With the recent tragic crash in Ethiopia, Captain Pierre Wannaz took a step back and shares some thoughts about Air Data Systems.
#FlightSafety #Investigation #FlightDataAnimation #SafetyII #data #AirData
Tragedies pointing out problems with Air Data Systems…
2018: a tragic year for flight safety. Two airliners were lost due to erroneous indications of their Air Data Systems.
- First, an AN-148 in Moscow, caused by pitot icing (apparently a checklist mistake, the pilots omitting to switch on the pitot/probe heating system) that lead to the loss of an airliner.
- Second, the 737 in Jakarta that had problem probably related to erroneous AoA (Angle Of Attack) values.
Now, the recent tragic crash in Ethiopia in circumstances that initially seems to be very similar to the Lion Air accident in Jakarta… Shortly after take-off, the crew performed a level-off followed by a sudden dive towards the ground. According to The Aviation Herald, two listeners on frequency reported independently the crew declared emergency shortly after normal departure, while in the initial climb, reporting they had unreliable airspeed indications and had difficulties to control the aircraft. This lost is still a mystery… in the hope we can rapidly have the details in order to understand what happened and take the necessary measure in order to avoid such losses!
Man against the machine…
On all aircraft types I have flown, the unreliable airspeed checklist is apparently so simple to apply…
Switch off the automatic, fly a pitch and set an engine power according the QRH (Quick Reference Handbook).
So why are trained crew not in a position to simply apply theses apparently so simple points of a checklist?
- First, most modern airliner are still relying on an old fashioned system invented in 1732 by Mr. Pitot and AoA vane dating from the beginning of controlled flight. Both are highly subject to mechanical and environment influences that might lead to wrong indications.
- Second, because the reality of an air data system fault is much more complex. Today’s aircraft is a network of interconnected computers. If key data like airspeed/angle of attack is erroneous, a lot of computers in this network will be affected and start to act in a way the pilots are not used to!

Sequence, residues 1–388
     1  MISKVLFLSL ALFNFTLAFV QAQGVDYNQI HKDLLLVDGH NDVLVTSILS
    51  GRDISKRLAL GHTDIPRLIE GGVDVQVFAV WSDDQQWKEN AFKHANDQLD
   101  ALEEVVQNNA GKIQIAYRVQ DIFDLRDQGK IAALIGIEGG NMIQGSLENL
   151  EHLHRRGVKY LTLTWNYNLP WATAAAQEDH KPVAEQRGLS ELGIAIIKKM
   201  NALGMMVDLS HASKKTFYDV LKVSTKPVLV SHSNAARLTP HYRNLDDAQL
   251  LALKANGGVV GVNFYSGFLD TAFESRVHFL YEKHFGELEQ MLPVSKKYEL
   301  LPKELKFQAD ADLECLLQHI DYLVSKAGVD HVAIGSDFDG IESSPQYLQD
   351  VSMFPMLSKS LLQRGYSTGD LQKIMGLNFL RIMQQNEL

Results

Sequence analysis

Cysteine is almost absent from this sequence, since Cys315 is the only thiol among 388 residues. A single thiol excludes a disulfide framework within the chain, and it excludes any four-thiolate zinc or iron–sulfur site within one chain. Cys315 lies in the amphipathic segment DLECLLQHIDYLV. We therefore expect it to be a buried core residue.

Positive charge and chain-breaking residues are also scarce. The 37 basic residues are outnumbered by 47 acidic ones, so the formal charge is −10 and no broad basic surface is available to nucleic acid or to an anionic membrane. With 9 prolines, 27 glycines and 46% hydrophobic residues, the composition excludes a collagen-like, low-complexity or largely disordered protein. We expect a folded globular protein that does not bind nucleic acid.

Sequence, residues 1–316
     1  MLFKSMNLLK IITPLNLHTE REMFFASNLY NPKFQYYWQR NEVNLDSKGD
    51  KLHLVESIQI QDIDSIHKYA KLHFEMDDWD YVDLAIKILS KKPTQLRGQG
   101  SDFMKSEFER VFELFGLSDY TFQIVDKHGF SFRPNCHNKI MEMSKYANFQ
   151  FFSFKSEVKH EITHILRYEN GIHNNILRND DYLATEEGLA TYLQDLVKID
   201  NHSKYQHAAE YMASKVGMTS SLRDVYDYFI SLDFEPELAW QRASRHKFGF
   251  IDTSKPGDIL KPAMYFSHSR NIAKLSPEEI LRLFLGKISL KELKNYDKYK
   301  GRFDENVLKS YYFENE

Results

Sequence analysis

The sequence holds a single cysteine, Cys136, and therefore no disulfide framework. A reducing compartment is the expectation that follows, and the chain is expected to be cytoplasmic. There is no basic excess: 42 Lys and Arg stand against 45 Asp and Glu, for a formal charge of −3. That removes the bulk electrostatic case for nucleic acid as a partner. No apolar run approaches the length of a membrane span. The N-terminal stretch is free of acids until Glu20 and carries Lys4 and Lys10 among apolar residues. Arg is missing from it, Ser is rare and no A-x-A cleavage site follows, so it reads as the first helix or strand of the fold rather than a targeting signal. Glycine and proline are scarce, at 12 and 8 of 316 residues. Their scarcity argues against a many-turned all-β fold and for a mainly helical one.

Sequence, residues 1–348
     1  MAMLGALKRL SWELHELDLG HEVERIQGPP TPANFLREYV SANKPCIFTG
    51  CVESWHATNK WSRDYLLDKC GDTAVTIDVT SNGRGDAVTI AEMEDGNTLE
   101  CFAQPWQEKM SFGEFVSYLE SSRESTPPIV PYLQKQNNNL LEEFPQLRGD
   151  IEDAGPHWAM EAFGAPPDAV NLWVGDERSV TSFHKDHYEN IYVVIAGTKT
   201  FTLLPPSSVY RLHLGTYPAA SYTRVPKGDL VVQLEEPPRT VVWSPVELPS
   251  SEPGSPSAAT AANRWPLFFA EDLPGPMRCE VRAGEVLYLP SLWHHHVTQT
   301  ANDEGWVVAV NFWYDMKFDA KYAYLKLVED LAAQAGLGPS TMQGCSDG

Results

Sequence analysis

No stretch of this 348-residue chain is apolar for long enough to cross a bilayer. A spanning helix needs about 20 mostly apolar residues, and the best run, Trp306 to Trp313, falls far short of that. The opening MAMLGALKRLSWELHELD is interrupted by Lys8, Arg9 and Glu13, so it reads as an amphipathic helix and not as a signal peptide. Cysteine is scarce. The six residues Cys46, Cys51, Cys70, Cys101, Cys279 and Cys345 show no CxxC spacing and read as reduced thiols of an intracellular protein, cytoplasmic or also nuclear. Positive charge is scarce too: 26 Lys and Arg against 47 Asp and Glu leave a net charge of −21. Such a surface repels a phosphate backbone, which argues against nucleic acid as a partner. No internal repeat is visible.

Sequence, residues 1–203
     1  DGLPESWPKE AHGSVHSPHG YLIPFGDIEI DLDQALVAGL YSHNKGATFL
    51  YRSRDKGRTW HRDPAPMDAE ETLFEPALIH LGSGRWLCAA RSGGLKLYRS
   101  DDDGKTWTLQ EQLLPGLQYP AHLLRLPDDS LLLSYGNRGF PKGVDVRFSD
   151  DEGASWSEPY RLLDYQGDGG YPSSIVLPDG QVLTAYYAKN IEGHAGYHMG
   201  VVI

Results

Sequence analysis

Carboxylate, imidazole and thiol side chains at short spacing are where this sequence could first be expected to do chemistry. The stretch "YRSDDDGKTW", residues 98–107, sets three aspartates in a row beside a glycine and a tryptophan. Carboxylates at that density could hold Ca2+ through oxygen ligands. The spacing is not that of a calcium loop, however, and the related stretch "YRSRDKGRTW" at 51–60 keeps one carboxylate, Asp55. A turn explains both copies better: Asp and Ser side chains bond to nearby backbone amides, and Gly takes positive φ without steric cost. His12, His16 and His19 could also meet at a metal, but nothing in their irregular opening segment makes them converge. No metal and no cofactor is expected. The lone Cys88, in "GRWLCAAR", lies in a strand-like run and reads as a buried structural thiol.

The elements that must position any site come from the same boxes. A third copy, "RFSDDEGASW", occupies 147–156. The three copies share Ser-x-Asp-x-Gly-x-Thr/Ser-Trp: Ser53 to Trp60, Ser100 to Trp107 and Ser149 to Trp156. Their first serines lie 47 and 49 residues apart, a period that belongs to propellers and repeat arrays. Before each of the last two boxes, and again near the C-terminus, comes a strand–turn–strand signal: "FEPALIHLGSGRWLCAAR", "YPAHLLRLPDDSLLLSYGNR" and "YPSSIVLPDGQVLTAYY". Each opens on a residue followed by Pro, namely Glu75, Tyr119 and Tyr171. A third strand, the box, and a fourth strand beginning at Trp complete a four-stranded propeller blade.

Under the simple computing principle: garbage in -> computer -> garbage out
Erroneous speed information can affect simultaneously the flight control laws, flight controls travel limitation, flight management system, numerous indications, trigger audio warnings, visual warnings and numerous checklists on the ECAM (Electronic Centralised Aircraft Monitor).
The “Unreliable Airspeed/AoA” has to be realized by the pilots while already fighting with degraded flight control authority or against computer triggering some protection maneuver that is erroneous for the real aircraft flight status… the man is fighting against the machine!
In such a complex situation, usually, no instrument is pointing out the root cause of these numerous suddenly failures. It is a difficult and challenging situation.
On top of that, the situation can be extremely confusing, confronting pilots to simultaneous occurrences of “stall warning” and “overspeed warning” as one is depending on the indicated airspeed and the second one on the AoA.
On a case I studied in detail, I never saw a simulator able to correctly display all the complexity of such an event. As a SFE/TRI (A), in the simulator exercises I sometime give to my trainees, I basically see two types of reaction: